Flanked by a motorcade, the vehicle cruised down the wide streets of Banjul, the capital, as Mr. Jammeh headed to the airport on Saturday afterfinally agreeing to give up the presidency. It turns out the Rolls-Royce went with him.
The vehicle, with its custom headrests stitched with the honorific “His Excellency Sheikh Professor Alhaji Dr. Yahya A. J. J. Jammeh,” was loaded onto a cargo plane accompanying the president. He also departed with a second Rolls-Royce, a Mercedes-Benz, and other cars and luxury items, according to an airport official and a diplomat familiar with activities in the country.
Both declined to be identified because of the instability in Gambia, where Mr. Jammeh had refused to step down despite losing an election last month to Adama Barrow. Mr. Barrow was sworn into office on Thursday at the Gambian Embassy in Dakar, Senegal, but has yet to set foot in his country.
Mr. Jammeh first took power in a coup in 1994, beginning a brutal and sometimes bizarre administration that jailed opponents and journalists, hunted people thought to be witches and unleashed fear so intense that even Gambians who had fled to Senegal were afraid he was spying on them.
Gambia had been locked in a tense showdown since Mr. Jammeh was ousted in the election, but after initially conceding defeat, he announced that he rejected the election results. Refusing to give up power, he vowed to use the military to defend his presidency.
A coalition of West African troops entered the country, and presidents of nearby nations flew in to negotiate with him. On Saturday night, Mr. Jammeh boarded a plane, accompanied by the president of Guinea.
Mr. Jammeh is now in exile in Equatorial Guinea, a nation known for its own brutal government. President Teodoro Obiang Nguema Mbasogo has arbitrarily detained and tortured critics, as well as disregarded election outcomes. His family has faced international prosecution for using hundreds of millions of dollars in oil profits to enrich itself.
Late last year, a fleet of luxury cars — including a Porsche and a Bugatti Veyron owned by the president’s son, Teodoro Nguema Obiang Mangue — were impounded by the authorities at a Geneva airport as part of a money laundering case.
On Monday, opposition party members in Equatorial Guinea said they objected to the nation hosting Mr. Jammeh.
“Mr. Jammeh is dangerous — he killed opposition members, he stole from his country and his people,” said Andrés Esono Ondo, the secretary general of the opposition party Convergence for Social Democracy. “We already have one dictator as a president. We don’t need another.”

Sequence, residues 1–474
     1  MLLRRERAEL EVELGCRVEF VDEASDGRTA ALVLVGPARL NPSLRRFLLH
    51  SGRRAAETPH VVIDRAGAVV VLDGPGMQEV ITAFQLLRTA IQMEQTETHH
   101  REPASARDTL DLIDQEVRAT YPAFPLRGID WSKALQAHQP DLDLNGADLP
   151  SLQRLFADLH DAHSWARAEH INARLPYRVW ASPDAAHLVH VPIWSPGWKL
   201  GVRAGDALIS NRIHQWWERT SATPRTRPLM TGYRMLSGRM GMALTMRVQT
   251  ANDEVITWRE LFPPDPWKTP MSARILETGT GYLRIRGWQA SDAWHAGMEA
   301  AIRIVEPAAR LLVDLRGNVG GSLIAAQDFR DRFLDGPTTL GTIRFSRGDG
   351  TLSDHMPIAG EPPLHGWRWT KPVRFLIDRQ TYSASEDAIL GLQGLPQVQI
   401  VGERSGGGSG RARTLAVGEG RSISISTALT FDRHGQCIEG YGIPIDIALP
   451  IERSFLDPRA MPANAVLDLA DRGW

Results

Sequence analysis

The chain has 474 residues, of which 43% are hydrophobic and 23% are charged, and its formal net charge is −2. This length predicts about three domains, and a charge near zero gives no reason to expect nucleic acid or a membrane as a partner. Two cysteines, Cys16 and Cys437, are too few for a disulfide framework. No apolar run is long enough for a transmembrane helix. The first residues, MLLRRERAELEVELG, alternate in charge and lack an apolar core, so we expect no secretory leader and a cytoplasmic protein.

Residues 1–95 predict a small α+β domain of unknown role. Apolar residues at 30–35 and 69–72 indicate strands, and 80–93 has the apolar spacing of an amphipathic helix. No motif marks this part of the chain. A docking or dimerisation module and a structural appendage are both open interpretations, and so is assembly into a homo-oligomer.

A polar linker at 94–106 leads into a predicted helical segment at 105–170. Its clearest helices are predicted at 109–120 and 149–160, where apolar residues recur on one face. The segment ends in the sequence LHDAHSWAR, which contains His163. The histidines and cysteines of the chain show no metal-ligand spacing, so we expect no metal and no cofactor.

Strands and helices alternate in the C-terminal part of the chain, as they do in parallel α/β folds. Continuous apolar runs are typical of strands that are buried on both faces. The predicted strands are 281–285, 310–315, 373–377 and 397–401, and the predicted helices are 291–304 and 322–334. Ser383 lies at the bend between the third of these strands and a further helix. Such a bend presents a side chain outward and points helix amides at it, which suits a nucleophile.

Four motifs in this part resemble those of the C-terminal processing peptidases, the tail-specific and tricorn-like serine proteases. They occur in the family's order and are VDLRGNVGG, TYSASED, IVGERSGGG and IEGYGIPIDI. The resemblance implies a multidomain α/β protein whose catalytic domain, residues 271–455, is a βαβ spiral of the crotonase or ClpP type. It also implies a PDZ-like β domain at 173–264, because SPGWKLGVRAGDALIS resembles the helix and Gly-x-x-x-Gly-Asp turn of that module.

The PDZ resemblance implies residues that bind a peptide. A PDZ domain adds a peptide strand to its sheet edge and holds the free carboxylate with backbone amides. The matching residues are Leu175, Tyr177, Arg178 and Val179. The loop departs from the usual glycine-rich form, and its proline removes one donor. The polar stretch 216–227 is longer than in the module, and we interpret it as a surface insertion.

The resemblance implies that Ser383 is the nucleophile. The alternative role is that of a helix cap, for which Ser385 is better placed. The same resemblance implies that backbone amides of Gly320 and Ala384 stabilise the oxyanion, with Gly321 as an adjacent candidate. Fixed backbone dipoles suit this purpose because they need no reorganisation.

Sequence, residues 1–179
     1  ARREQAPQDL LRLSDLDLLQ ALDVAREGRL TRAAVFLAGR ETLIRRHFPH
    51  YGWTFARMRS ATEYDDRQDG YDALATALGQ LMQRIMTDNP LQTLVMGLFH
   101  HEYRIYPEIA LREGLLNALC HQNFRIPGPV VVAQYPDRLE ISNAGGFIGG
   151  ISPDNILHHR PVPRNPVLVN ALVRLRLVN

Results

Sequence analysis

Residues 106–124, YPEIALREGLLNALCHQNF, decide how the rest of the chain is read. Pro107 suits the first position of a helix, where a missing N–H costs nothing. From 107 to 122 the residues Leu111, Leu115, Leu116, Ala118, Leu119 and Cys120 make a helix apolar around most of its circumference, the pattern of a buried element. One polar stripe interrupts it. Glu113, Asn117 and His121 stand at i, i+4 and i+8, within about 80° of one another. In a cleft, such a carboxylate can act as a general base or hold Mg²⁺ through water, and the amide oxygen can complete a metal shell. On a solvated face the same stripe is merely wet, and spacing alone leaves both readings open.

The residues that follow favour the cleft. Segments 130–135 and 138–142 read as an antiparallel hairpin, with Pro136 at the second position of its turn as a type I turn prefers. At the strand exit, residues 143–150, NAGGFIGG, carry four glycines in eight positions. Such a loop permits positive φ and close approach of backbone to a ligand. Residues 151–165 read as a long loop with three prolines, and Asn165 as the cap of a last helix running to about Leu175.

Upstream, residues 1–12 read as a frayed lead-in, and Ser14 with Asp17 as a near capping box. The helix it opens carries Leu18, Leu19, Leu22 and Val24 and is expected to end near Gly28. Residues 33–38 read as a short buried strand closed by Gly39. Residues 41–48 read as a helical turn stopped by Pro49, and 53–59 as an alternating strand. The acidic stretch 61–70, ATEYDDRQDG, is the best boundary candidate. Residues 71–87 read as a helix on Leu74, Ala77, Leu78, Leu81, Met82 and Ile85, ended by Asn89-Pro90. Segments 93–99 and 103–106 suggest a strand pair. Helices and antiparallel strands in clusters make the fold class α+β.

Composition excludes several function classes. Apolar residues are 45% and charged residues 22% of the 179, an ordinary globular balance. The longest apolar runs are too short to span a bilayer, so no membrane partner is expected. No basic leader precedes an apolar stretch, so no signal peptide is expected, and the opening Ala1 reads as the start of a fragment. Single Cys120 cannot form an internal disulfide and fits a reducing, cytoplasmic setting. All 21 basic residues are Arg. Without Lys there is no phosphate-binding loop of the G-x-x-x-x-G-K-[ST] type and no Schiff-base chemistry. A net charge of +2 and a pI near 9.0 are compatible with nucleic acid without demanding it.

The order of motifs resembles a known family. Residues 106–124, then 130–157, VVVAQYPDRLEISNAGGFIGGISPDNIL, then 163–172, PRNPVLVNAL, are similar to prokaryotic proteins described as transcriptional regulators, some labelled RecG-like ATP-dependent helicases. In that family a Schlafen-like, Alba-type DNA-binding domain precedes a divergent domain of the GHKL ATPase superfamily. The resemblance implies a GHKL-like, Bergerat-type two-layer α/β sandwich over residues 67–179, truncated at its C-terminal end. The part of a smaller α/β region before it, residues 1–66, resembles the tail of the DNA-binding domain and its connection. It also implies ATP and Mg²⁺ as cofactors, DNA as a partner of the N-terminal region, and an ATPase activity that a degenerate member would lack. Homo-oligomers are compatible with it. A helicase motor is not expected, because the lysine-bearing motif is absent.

The diplomat who declined to be identified said that Mr. Jammeh had tried to withdraw money from the Gambian central bank in recent weeks but was denied access. Two weeks ago, he shipped 22 vehicles to Mauritania. As he was flying into exile on Saturday, at least one cargo plane also left stuffed with the luxury cars and other household items.
The airport official said 10 more cars and additional goods were still on the tarmac waiting to be loaded onto another cargo plane, but it was unclear when it was scheduled to fly out.
On Monday in Gambia, troops from the West African coalition swarmed the statehouse, without resistance, to secure it for Mr. Barrow’s arrival. As of late in the day, it was still unclear when Mr. Barrow, who owns a real estate company and has no political experience, would arrive. For now, he was camped out with family and aides in a house he owns in an upscale neighborhood in Dakar, working on naming his cabinet.
More Gambians who had fled across the border to Senegal, which surrounds Gambia on three sides, were returning home, waiting for their new president to arrive. United Nations officials had feared the rush of people out of the country would set off a humanitarian crisis if the standoff lingered.
As Mr. Jammeh left the country, the United Nations, the African Union and the Economic Community of West African States released a joint declaration saying they were committed to preventing the seizure of assets from the former president and his family and loyalists.
Mr. Barrow has dismissed the document as nonbinding, and many Western diplomats have noted that its careful language would not rule out action against Mr. Jammeh. Mr. Barrow has said he will create a truth and reconciliation commission to look into allegations of misdeeds during Mr. Jammeh’s rule.
Some residents in the capital said they were outraged that Mr. Jammeh had been allowed to leave their country with many of his valuables.
Fatima Fanny Ceesay, 24, a seamstress, said anything that Mr. Jammeh left behind should have been seized after he left the country, even if those items were part of an agreement to persuade him to go.
“Yahya Jammeh came to power with nothing,” Ms. Ceesay said. “Everything he has, he stole from Gambians. They should not let him take anything with him apart from his clothes to put on. He is a big thief.”
By NY Times and Contributed by Documented Press